Sure, food costs are rising and the economy’s slumping, but that doesn’t mean this year’s Thanksgiving has to be a no-frills affair. Plan ahead and cut corners the smart way, and you won’t have to sacrifice quality to celebrate in style. Here are ten ways to save money this Thanksgiving:
1. Don’t make too much food. Thanksgiving may be all about leftovers, but how many side dishes and casseroles does your family really need? Save yourself time and money by not outdoing yourself this year. Focus on one or two side dishes that really shine, along with one or two desserts you know everyone loves, and skip the rest. Not preparing an excessive amount of food means you’ll spend less money and less food will go to waste.
2. Borrow kitchen supplies. If you don’t have a roasting pan or are bracing yourself for the purchase of that extra casserole dish or pie pan, call up a neighbor or friend and ask to borrow something. Chances are that they’ll have extra stuff around, saving you a purchase you may not use that often after the big meal.
3. Cook from scratch. Ready-made mashed potatoes, stuffing and desserts are easy and fast, but the cost can add up. Cooking from scratch always saves money because the basics are a lot cheaper than pre-made food or mixes, which are usually highly processed and can be less nutritious. If you’re nervous about cooking or don’t know what to prepare, find a simple recipe or two and practice them ahead of time.
4. Plan ahead. Start watching the advertisements from your local grocery stores and jump on any specials they have that you know you’ll need come Thanksgiving. Also, most stores run specials for popular holiday items in the days leading up to the big meal to get shoppers in the door. Make a plan about where to shop for the best deals on certain foods and stick to it. Some grocery stores even give away some items for free, such as turkey or potatoes, if you spend enough money there. Don’t wait until the last minute to shop. With a little planning and preparation, you can get the foods you know you’ll need at their cheapest.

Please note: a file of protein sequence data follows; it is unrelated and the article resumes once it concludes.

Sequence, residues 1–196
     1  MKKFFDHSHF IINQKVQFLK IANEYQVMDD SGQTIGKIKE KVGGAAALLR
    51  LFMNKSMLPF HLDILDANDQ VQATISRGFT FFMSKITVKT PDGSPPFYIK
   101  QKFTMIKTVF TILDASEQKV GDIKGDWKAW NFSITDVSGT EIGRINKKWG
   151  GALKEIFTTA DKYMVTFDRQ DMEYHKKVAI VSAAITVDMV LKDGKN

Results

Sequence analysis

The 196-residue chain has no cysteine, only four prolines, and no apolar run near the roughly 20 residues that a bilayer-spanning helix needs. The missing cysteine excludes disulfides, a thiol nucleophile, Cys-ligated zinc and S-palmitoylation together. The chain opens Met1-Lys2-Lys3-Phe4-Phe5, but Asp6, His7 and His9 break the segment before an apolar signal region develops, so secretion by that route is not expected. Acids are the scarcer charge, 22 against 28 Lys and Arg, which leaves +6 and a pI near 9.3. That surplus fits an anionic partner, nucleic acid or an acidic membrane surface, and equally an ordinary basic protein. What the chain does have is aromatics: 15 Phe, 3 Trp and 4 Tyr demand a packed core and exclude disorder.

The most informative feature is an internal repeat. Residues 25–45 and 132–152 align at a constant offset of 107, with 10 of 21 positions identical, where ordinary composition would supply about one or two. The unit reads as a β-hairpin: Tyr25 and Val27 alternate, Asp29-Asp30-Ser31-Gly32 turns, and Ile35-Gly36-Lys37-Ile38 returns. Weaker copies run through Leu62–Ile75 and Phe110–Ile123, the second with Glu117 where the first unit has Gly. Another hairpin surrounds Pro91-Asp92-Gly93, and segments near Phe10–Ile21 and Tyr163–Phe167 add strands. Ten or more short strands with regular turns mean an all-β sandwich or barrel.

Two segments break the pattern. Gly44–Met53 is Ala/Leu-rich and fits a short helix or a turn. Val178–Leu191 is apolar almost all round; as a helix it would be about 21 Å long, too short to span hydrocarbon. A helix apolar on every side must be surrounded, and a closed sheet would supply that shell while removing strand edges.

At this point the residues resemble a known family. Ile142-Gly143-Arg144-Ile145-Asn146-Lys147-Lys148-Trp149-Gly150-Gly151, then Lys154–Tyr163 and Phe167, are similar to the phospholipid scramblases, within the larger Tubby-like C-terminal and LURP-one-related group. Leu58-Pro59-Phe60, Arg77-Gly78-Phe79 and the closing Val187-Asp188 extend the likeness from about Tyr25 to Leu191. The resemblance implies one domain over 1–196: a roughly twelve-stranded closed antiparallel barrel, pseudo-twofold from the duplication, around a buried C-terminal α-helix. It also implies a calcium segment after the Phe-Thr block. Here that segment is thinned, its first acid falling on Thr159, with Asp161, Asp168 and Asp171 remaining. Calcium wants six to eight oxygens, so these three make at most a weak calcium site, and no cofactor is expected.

5. Purchase foods that are in season. Apples, squash and potatoes are some of the foods that are in season — and thus at their cheapest — around Thanksgiving. Good thing in-season foods make great Thanksgiving dishes! Don’t splurge on fruit or vegetables that are going to be more expensive or less tasty because they’re not at their peak.
6. Pot luck with friends. If the thought of preparing an entire meal by yourself seems daunting and expensive, gather your friends and family together and share the cost. There’s no better way to relieve the burden on everyone than with a potluck. Be sure to plan who brings what, and help the host out with dishes and preparations.
7. Buy a frozen turkey. The number of choices you have when it comes to the turkey — probably your biggest Thanksgiving meal purchase — is many. But the cheapest bird is going to be the frozen one. Skip the fresh, smoked, roasted or pre-braised varieties to save money. Cooking a frozen turkey isn’t any harder, just be sure you allow yourself enough time to thaw it out before cooking.
8. Shop with a friend. Grab a buddy when you head to the store, especially if you’re not preparing a very large quantity of food. She can split the cost and the food you both purchase, saving you both money and excessive leftovers later.
9. Visit the bread outlet store. Most cities have bread outlet stores, where distributors send bread that has expired or was damaged during shipping. You can find rolls and bread here at a reduced price that will fit in fine with the rest of your meal.
10. Purchase your turkey ahead of time. Some stores mark up their turkeys as the holiday approaches in anticipation of the extra sales. If you have the storage space, purchasing a frozen turkey months ahead of time is a great way to save a little money and spread out the cost of your meal so you’re not paying for it all at once.